It’s not the software, it’s how you use it

What drives collaboration?  It is not the latest collaboration software, offering eye-popping features and kick-ass integration.  It is the desire of teams to collaborate.  Like the proverbial horse, you can lead a team to collaboration, but you can’t make them collaborate.

On of my projects now I’m working with an amazing team of great software developers.  The team is small, there are 6 of us.  The velocity of the project is great with 2-week sprints delivering minimally viable product at each iteration.  The team simply must collaborate in order to survive and to keep on top of the project.

Before I joined the project, the team chose Basecamp from 37signals.  Basecamp wouldn’t have been my first choice.  Having used Quickr, Connections, SharePoint, I find Basecamp somewhat primitive, lacking features that I’m used to with other packages.  But it is not the strengths or weaknesses of Basecamp that determine my teams’ ability to collaborate.  It is the team’s desire to collaborate that drives collaboration.

All team members religiously engage in discussions, posting updates and tracking their progress on Basecamp.  Basecamp has also become a vehicle for outbound communication from the team to other stakeholders in the organization.  When the project will be done, all of the project’s history and all of its intellectual capital will be in Basecamp.

It is a dream come true for many organizations trying to foster internal collaboration, trying to harvest the wealth of knowledge locked in employees’ heads and often lost with them.  It is a problem that organizations try to solve with this or that latest software.  But if there’s no desire to share, if collaboration is not being fostered, then no amount of bells and whistles can fix it.

 

 

Lotus Knows how to listen – finally

There’s one nagging thought in the back of my head.  How would the Lotus brand and the overall marketplace be different right now if Bob Picciano or someone like him took over as the GM 4 years ago instead of Mike Rhodin?  Or even 6 years ago instead of Ambuj?  What would the Lotus brand be today?  Would it still be fighting to preserve its user base or would it be rolling through the land migrating companies to its solutions?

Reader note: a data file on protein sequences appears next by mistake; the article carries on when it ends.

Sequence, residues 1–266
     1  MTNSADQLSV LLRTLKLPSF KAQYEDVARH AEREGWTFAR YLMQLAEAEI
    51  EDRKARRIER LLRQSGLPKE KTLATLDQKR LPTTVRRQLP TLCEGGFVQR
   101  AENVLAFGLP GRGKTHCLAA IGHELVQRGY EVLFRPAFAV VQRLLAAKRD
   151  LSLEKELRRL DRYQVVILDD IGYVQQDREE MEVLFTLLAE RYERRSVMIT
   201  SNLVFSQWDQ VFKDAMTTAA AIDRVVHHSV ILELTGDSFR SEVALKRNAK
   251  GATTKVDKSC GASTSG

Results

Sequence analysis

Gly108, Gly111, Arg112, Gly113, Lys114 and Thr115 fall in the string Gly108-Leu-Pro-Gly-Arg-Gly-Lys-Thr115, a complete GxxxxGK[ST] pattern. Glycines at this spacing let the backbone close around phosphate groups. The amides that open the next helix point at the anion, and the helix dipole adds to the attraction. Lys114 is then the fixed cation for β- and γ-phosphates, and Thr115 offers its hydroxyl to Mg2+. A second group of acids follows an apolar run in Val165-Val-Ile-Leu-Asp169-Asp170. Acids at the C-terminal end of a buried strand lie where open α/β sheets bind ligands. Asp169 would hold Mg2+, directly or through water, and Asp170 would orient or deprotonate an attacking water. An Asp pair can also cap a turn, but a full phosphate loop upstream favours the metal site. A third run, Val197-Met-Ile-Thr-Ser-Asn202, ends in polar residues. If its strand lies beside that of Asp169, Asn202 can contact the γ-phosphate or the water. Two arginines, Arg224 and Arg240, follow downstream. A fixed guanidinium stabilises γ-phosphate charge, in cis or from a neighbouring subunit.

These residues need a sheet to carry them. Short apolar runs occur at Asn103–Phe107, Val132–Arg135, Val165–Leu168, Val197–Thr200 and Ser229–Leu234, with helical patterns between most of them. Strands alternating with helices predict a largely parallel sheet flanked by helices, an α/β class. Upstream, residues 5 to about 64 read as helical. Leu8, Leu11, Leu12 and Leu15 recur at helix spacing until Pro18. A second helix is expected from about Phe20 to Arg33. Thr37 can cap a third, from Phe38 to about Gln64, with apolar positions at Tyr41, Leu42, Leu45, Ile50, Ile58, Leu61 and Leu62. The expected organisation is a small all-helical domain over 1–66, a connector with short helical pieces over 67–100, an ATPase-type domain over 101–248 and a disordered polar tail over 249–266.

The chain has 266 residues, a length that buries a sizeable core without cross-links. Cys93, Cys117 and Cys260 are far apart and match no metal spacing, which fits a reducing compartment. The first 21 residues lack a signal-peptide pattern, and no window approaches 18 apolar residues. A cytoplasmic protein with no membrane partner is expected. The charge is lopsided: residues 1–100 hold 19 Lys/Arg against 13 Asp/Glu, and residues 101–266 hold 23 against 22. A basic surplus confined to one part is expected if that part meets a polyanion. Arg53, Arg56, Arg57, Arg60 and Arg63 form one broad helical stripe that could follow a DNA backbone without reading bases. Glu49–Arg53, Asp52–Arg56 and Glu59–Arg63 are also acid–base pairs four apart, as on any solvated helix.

Over the years I’ve watched and followed Lotus — the brand, the product, the community — through the good times and through the bad; I’ve watched things changing and not always for the best.  I’ve watched the leadership change and with it came the change in the direction for the brand.  The one thing that seemed to remain constant, was the leadership’s lack of ability or want or both to pay attention to what their faithful followers were saying.

In the past year or so, once again, the wind of change has been blowing on the Lotus brand.  And this time the change seems to be good.

The Lotus brand, rocked to sleep by the comforting warmth of the IBM’s behemoth body, is waking up under the leadership of Bob Picciano.  Lotus cannot survive under the IBM’s philosophy “We’re The IBM. Why would you use anything else?!”.  It needs to be more aggressive and Bob’s team recognizes that.  And the signs of Bob’s team doing things differently are everywhere.

Lotus is very energetically working at preserving its install base.  Customers who use older versions of Lotus (and they are still companies using R5, I just met with one 2 weeks ago) are the most likely candidates to migrate to a different platform.  And can you blame them?  When you compare a 9 – 10 year old technology to a competitor’s client of today, how can you not want to move?  Often, these customers are not even aware that Lotus is now in version 8.5 and is heralded by Gartner as the client of the future.

Lotus is working with Business Partners to reach out to existing customers to educate, to upgrade, to help – to do whatever it takes to prevent them from going elsewhere.